Appioo Bar and Grill

Appigo Bar and Grill

A couple of years ago, I visited a Ghanaian restaurant in my neighborhood that was known for serving authentic fare especially the well-known Fufu dish. However, I was not quite satisfied by the cooking in addition to the long wait for the aforementioned soup dish.  Recently, I came across an online offer to Appioo Bar and Grill located in the U St./Cardozo neighborhood, and judging by what I read on online reviews, I quickly snapped up the offer, and I made a trip to pay it a gastronomic visit last weekend.

Ghanaian Palm DrinkLocated on the basement level of a row house on busy 9th street NW, close to the U St. junction, I walked in with a couple whose husband hails from Togo to get some guidance from him on this little-chartered culinary territory.  The shotgun space is decorated with a beautiful mural exuding some West African charm with its bright colors and design.  Having made a reservation, we took our table next to the long bar that seems to attract quite a local crowd.  After we placed our orders, my Togolese friend ordered Palm Drink, a typical libation from the Motherland.  One sip of it reminded me of the liquor toddy that I had tasted years ago as a child in Southeast Asia.  This bowlful, yes, a bowl perhaps made from wood or a gourd, had a unique flavor of sweet with a tinge of sourness from a slight fermentation but devoid of the booze that I remembered this drink is usually associated with.  Alcohol or not, it was a good starting thirst-quencher to this visit.

Goat Kebab/Chinchinga

For our first bite, we ordered Goat Kebab or Chinchinga.  The sticks came filled to the brim with slices of meat, dark from its cooking, and slightly reddish from a sprinkling of seasoning powder.  One bite into it revealed what it was.  The goat was slightly tough with a bare hint of gaminess, nothing that belies its true nature.  What made it rise above it was the savoriness in the morsels due to a peanut sauce marinade and the spicy powder (called “kebab powder” according to my friend) that created a slightly masochistic tinge that beckoned for more bites.  Their tasty nature made for a quick disposal by the diners which created more anticipation at our table.

Croaker Pepper SoupThe next appetizer came in soup form.  Delicious Pepper Soup is well-known in this culinary tradition and I knew I had to give it a try.  A sip from the bowl pointed to a well-cooked broth that hinted of dried fish that I am familiar with, giving the soup some body and flavor interest.  The pieces of croaker were very fresh and moist, an indication that the fish was freshly cooked to order.  Unfortunately, it was that fresh that it could have jumped into the soup without being scaled.  However, I got around it by just removing the skin.  There was some good spice bite to the earthy broth, but I was hoping for something that was eye-popping like my grandmother’s pepper soup.  All in all, this was still good.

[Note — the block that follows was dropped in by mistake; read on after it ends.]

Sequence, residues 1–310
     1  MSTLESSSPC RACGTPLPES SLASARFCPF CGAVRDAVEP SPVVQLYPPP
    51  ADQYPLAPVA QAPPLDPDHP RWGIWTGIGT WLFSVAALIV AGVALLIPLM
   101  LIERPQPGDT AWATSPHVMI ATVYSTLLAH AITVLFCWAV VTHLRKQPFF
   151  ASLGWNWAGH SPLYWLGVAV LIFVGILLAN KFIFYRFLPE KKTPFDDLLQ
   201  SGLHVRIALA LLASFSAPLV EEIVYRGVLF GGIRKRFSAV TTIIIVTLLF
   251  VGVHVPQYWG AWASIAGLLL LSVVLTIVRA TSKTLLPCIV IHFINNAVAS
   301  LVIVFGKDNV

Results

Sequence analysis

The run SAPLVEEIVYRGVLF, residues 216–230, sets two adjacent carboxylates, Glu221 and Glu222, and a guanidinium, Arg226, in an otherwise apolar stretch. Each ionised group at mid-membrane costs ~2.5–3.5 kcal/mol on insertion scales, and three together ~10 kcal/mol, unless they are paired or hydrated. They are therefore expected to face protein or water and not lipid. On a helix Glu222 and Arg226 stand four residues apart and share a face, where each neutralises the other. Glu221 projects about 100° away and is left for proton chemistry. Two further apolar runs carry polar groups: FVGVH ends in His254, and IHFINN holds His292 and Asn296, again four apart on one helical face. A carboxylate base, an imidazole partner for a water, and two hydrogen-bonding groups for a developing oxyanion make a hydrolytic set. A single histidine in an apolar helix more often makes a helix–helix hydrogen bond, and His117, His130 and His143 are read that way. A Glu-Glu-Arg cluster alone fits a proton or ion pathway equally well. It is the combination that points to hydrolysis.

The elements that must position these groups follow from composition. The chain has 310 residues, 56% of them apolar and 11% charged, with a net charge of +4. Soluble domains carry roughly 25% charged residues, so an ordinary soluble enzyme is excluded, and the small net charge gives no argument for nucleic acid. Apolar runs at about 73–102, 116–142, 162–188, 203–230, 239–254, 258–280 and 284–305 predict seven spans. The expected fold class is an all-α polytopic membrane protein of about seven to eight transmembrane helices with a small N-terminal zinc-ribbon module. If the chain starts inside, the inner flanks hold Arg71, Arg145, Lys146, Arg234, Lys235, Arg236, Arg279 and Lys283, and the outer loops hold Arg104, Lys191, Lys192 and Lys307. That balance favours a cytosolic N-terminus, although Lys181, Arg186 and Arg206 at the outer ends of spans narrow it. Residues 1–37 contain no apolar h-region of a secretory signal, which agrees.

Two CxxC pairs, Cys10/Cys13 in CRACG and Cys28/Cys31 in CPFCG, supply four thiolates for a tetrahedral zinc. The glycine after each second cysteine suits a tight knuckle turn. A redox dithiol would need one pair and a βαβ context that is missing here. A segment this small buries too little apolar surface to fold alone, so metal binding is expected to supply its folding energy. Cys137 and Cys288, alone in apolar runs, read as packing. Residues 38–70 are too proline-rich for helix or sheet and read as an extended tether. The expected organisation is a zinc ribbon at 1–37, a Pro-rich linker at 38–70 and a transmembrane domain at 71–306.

Goat Fufu in Peanut Butter Soup

My friend’s order was Goat Fufu in Peanut Butter Soup.  It came served in an earthen traditional bowl with a ball of the pounded plantain starch in the middle, sitting in a pool of peanut butter soup studded with pieces of goat meat.  The fufu was the powder form, judging by the lack of starch-stretchiness normally found in the fresh version.  But it didn’t detract from the wonderful soup that had a light touch of peanut butter goodness without being overwhelming.  The pieces of meat were tender, for goat that is, an indication of a good stewing in the sauce, which made the dish even more appealing.  My friend originally didn’t want to order this ubiquitous dish, but at the end of his inhaling it, he was more than satisfied as it hit home for him, and he was about to go into a food coma.

Goat and Rice JollofHis wife’s order was something lighter and is as equally well-known as the above dish – Jollof Rice with Goat.  A stab at the pieces of goat pointed to the meat that was initially fried to a slightly crispy exterior then stewed in a tomato-based sauce. I enjoyed the meat texture that was complemented by the sweet-tangy sauce that was aromatic and tasting mild spice-wise.  Equally competing for my attention was the rice that was well-seasoned, tasting slightly sweet from the tomato sauce and onions, exuding vegetal notes of sweet peppers, and a note that was root or wood-like.  Upon talking to the chef, I found out that he added ginger to the mix.  Even though it was still mild, its savoriness made me return repeatedly to the rice elevated from the melange of flavors and cooked to a perfectly light fluffiness.